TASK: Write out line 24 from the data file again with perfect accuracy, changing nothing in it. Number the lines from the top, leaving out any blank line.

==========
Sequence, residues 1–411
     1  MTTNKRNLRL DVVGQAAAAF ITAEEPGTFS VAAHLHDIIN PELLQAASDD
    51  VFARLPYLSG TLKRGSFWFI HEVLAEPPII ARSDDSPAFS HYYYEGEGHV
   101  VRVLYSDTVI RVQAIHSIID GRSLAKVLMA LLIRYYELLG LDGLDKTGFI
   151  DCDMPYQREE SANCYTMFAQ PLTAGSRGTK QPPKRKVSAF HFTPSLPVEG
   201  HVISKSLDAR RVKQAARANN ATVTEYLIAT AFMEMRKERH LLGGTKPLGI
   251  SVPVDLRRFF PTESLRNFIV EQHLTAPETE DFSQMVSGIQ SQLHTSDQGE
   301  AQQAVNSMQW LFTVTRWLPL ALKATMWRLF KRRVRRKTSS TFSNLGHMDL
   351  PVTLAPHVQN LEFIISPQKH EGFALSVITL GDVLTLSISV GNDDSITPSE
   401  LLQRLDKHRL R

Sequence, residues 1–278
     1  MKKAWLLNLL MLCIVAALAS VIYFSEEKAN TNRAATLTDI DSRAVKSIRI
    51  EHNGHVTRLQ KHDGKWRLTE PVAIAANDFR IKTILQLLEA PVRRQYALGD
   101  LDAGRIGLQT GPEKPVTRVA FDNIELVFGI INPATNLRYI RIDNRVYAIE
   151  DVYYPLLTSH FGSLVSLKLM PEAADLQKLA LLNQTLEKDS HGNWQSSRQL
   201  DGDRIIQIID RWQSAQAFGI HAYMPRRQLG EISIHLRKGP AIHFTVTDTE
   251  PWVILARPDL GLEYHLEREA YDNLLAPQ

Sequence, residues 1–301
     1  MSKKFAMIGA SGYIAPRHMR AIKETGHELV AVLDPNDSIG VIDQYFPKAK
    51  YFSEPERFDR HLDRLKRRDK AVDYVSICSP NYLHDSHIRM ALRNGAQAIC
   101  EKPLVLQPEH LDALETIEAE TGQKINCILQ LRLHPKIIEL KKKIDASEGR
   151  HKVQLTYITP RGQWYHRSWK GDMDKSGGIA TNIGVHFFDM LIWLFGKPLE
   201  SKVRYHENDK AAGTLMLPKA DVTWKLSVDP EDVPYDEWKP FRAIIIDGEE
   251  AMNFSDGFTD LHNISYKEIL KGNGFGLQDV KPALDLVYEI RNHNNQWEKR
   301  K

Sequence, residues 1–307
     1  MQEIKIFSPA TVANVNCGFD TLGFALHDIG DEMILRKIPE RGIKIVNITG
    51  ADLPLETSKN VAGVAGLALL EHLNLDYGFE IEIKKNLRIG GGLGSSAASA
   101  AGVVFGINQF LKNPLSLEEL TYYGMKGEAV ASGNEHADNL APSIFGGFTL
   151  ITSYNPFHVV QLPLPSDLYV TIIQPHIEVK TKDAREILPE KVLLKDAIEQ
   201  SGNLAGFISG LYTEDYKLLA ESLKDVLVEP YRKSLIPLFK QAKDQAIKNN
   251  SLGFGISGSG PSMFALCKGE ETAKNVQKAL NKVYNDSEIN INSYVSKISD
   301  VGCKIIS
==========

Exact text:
   251  AMNFSDGFTD LHNISYKEIL KGNGFGLQDV KPALDLVYEI RNHNNQWEKR